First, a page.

Walmart recently lost $20 billion in market cap in one day, in part because its leadership admitted it needs to invest more into its e-commerce operations. Walmart isn’t the only retailer struggling with selling on the web — most brick and mortar stores are, too. In 2013, Target even told the Securities and Exchange Commission that “digital sales represented an immaterial amount…of total sales.” With Amazon having such a big head start – claiming a customer base of 244 million in 2014, it’s hard to see how brick-and-mortar retailers can catch up.
All brick-and-mortar chains, not just Walmart, have struggled because they haven’t sufficiently adapted to the fact that retail on the web is a harsher environment compared to what they face on land. Success on the web is achievable, but it requires adopting strategies from other industries such as airlines and credit cards, which also operate in a more cut-throat,
The top priority for all brick-and-mortar chains should be to capitalize on their biggest asset – customers who visit their stores and connect with their brand. The top goal should be to persuade in-store shoppers to also purchase from the retailer’s web site.
When you think about it, internet retail today is similar to the airline market before frequent flyer programs were introduced. (They were popularized by American Airlines in 1982). In those days, airline travel was a commodity – passengers selected flights primarily on convenience and price. Similarly, today there’s nothing overly compelling to sway where customers shop online, except for convenience, selection, and price. A website redesign, promises of better service, or even matching Amazon’s prices won’t be game-changers for Target.com.
Frequent flyer programs transformed once-homogeneous airlines into differentiated entities – and similar loyalty programs can do the same for web retail. I’m amazed at how loyal my friends who travel frequently are to their preferred airlines. (I’m more of an “only take the nonstop” guy.) They take less convenient flights or pay more – all to gain reward points. Frequent flyer programs have differentiated a commodity product in a manner that engenders loyalty. Analogously, an ambitious loyalty program can convince shoppers who regularly frequent Walmart, for instance, to shop on Walmart.com. A rewards program is the long overlooked incentive that can convince in-store shoppers to remain true on the web.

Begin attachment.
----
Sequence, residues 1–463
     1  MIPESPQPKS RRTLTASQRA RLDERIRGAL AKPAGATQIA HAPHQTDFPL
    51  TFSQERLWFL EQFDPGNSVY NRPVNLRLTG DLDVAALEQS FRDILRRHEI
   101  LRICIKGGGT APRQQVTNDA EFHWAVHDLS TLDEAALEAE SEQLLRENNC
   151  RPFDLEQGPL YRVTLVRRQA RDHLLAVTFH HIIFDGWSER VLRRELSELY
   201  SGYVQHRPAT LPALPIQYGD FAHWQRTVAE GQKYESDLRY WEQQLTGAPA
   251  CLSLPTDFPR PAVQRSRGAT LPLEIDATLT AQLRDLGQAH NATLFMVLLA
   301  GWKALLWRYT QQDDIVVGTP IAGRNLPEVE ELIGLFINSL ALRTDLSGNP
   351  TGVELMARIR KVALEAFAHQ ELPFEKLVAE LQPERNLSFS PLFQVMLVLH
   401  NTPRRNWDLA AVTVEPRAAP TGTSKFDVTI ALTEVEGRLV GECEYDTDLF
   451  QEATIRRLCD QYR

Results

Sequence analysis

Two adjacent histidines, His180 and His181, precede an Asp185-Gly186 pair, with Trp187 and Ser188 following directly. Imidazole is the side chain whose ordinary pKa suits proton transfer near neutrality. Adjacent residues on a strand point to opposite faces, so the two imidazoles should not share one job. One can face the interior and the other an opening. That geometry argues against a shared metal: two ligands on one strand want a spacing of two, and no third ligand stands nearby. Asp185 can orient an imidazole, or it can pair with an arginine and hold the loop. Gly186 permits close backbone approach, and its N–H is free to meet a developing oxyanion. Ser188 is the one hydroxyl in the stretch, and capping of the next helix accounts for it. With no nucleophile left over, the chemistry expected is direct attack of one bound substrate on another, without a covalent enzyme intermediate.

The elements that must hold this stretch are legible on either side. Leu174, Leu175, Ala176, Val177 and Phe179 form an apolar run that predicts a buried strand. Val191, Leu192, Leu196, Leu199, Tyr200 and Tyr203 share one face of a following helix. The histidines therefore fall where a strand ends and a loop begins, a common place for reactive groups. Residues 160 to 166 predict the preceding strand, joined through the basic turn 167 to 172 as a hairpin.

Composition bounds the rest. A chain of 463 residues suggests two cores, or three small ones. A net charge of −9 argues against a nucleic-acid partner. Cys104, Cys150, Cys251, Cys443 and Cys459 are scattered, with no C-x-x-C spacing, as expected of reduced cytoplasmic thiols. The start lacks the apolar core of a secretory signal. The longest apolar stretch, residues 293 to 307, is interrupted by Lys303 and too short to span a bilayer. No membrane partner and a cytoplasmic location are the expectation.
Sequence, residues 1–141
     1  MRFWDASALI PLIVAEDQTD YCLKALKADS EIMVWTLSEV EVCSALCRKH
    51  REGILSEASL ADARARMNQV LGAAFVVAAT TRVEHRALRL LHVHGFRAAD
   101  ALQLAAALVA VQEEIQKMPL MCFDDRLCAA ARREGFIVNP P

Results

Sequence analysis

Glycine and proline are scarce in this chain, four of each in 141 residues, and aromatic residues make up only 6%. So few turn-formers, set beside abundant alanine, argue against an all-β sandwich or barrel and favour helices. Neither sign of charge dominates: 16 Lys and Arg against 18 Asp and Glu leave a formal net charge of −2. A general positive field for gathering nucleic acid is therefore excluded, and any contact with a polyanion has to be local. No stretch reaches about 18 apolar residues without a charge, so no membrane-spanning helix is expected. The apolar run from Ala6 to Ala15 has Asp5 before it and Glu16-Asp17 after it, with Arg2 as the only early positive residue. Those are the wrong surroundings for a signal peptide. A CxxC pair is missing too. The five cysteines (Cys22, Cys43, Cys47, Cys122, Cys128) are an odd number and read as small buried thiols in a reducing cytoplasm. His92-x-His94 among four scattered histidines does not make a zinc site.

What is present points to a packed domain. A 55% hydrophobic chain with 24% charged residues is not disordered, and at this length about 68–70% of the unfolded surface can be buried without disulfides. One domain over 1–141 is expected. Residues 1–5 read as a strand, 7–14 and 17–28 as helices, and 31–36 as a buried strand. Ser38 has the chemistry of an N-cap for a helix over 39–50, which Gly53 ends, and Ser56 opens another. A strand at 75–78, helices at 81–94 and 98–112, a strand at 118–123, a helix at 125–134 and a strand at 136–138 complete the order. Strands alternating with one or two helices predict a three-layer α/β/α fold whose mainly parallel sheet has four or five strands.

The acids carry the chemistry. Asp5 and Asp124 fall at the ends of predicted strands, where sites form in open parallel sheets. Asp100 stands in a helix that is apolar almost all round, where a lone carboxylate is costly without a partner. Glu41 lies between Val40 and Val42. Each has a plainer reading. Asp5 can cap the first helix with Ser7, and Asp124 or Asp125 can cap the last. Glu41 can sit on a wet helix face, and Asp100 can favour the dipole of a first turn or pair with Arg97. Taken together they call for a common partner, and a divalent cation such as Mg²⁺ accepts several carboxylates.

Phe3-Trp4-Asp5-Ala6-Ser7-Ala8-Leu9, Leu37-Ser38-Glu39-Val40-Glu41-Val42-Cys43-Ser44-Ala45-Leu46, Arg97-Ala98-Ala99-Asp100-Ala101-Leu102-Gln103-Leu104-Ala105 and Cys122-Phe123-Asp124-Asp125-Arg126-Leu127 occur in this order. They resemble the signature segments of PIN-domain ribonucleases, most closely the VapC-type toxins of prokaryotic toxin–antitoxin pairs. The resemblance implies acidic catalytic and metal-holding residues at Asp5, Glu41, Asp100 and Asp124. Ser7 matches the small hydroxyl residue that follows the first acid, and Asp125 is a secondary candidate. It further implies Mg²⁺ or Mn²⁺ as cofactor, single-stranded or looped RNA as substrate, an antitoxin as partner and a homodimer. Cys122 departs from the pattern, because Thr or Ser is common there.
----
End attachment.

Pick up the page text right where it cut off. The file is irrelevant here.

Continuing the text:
Smaller chains, not just large ones such as Walmart, can benefit from loyalty programs. Bed Bath & Beyond, for instance, can do what small airlines do: ally itself with other larger reward programs. And there’s room for creativity – similar to airlines, retailers should offer bronze, silver, and gold status (each level providing enhanced benefits) to provide additional incentives to concentrate purchases at one retailer. Borrowing from the credit card industry, all programs should also allow customers to redeem points on a variety of products, services, and experiences – this enhances the value of collecting points.
The beauty of loyalty programs is they are enhanced by a network of store locations. More locations provide more opportunities for customers to accumulate points. Making loyalty programs a key differentiator leverages a unique competitive advantage – physical stores – of brick-and-mortar chains.
Sears Holdings, it should be noted, does have a loyalty program in place. Its Shop Your Way members earn reward points based on the dollars they spend. Although Sears has struggled, it’s telling that 74% of eligible sales were made to Shop Your Way members.
Wal-Mart has in place both a “Savings Catcher” app as well as a “Scan & Go” app. The first automatically price matches purchased products; the second provides discounts and/or expedited checkout. Both programs have been described as loyalty programs. For clarity, these apps provide additional reasons to shop at Wal-Mart, but don’t offer reward incentives specifically designed to convert in-store shoppers to devotees of its web operation.
For traditional retailers, the goal of implementing loyalty programs should be to increase profits by boosting e-commerce sales. But even if profits drop, brick-and-mortar retailers may still win. Walmart, for instance, has a forward price-to-earnings (p/e) ratio of 13, while Amazon’s is 94. This difference in valuation is due to Wall Street viewing Amazon as a growing e-commerce company, while judging Walmart as a stodgy land-based behemoth. If Walmart makes strides in e-commerce, it can doubly benefit. First, it’ll likely be rewarded with a higher p/e ratio (by becoming perceived as more of an e-commerce company), which translates into a higher stock price. Just as important, Amazon will be punished with a lower p/e ratio due to fears of slowing growth. This will pressure CEO Jeff Bezos to raise prices to maintain the stock price.
The internet has revolutionized retail. And while it’s easy to be dazzled by its “newness,” e-commerce is in essence an old school commodity market. The same time-tested tactics that have worked in similar situations will work for internet retail. In the 20th century, commodity retailers such as department stores, supermarkets, and gas stations used S&H Green Stamps (customers earned “stamps” for purchases which could be exchanged for products) to successfully differentiate themselves. Similar loyalty programs can accomplish the same now in the 21st century for Walmart as well as all brick-and-mortar chains.